The Dramatic and Musical Scheme of Kogoj's Opera »Kar hočete« ( »Twelfth Night« )
AbstractMarij Kogoj dedicated the greater part of his artistic powers to opera. Of his three plans for operatic themes (the first being France Prešeren's poem »Krst pri Savici«, the second Leonid Andrejev's drama »Black Masks«, the third Shakespeare's »Twelfth Night«) only the second was realised. The last, which he undertook in 1929 remained unfinished as in autumn 1932 he was incapacitated by schizophrenia. From the surviving material it is clear that he wrote (in the form of a piano score) the first two acts, though especially in the second there remain many gaps. He prepared the libretto himself on the basis of Shakespeare's text. From his arrangement of the action we know that the opera was to have four acts, the fourth and fifth acts of the original being combined. In shortening and combining original scenes and in the abridgement of the original text he displayed an outstanding knowledge of the stage and its rules. He located the action of the comedy on the Adriatic coast and made use of a number of Slovene folksongs as well as one Istrian one, giving them rich and imaginative contrapuntal treatment, considered among the best in Slovene music and displaying the author's contemporary relation with folk-melodies and their role in musical art. In addition to this he wove into the action dances by individual actors and by a ballet ensemble, thus adding to music and text the third most important element of his works for the stage, an element of which he made rich and idiosyncratic Use also in »Black Masks«. From the point of view of style and composition technique the two acts show Kogoj developing in a new direction. In the harmonic and also party in the rhythmic structure and especially in the melodic diction, features of expressionism are most apparent. In frequent rhythmical ostinati and harmonic handling which shows a retreat from the sphere of luxuriant chromaticism and dissonant inversions of chords of the seventh, ninth and eleventh and especially in the rich contrapuntal treatment and polyphonic forms (which appears more and more frequently towards the end of the second act) Kogoj shows that »Twelfth Night« would have been the first piece of his new stylistic orientation, drawing near to neoclassicism.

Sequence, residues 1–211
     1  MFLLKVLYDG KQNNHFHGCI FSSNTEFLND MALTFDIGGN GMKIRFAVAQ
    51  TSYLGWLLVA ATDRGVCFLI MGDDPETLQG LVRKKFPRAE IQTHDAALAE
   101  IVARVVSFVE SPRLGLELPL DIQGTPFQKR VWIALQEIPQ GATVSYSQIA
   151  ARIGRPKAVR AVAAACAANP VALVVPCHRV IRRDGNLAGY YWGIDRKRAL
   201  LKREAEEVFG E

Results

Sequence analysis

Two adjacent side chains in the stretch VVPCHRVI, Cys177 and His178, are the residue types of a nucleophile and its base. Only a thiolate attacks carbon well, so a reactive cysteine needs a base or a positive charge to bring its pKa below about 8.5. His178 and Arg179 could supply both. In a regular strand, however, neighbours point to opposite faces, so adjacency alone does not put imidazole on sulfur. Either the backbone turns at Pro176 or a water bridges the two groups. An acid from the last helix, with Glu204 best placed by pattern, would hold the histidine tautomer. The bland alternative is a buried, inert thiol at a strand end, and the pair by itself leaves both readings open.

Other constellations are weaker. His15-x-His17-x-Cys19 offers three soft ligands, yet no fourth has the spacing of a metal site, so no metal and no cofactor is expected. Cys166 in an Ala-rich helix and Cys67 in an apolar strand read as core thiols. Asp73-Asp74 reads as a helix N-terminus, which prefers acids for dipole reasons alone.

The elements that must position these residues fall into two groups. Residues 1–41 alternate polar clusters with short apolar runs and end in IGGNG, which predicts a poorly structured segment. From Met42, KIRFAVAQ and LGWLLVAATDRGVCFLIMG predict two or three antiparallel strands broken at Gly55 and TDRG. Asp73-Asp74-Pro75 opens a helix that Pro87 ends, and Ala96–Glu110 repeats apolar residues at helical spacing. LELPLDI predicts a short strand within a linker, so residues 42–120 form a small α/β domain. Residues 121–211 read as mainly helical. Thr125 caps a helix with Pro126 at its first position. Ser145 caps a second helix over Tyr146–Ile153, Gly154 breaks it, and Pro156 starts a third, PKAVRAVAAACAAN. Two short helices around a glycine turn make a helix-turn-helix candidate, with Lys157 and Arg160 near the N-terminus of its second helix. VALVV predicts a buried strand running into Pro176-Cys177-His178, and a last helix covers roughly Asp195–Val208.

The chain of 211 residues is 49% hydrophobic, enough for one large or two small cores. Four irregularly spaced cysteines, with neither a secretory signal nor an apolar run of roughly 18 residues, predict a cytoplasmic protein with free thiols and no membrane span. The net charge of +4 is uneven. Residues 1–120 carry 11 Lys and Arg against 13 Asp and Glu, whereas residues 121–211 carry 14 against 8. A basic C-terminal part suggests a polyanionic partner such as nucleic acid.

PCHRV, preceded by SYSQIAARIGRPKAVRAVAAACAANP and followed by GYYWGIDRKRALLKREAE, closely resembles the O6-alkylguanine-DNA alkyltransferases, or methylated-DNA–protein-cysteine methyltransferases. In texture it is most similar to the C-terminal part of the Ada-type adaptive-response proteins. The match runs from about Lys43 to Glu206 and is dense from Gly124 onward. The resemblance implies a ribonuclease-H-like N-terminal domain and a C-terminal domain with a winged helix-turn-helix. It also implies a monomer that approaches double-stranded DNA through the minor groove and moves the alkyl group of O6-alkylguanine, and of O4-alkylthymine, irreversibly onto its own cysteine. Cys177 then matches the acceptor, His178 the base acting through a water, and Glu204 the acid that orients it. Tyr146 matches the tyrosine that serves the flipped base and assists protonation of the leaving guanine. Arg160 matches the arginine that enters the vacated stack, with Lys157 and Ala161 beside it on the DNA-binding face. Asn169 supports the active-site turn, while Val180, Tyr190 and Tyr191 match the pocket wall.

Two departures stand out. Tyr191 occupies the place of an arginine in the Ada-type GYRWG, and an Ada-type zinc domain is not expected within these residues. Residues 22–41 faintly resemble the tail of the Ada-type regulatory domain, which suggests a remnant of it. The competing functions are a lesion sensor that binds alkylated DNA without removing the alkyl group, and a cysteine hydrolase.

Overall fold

Copyright (c) 1966 Borut Loparnik
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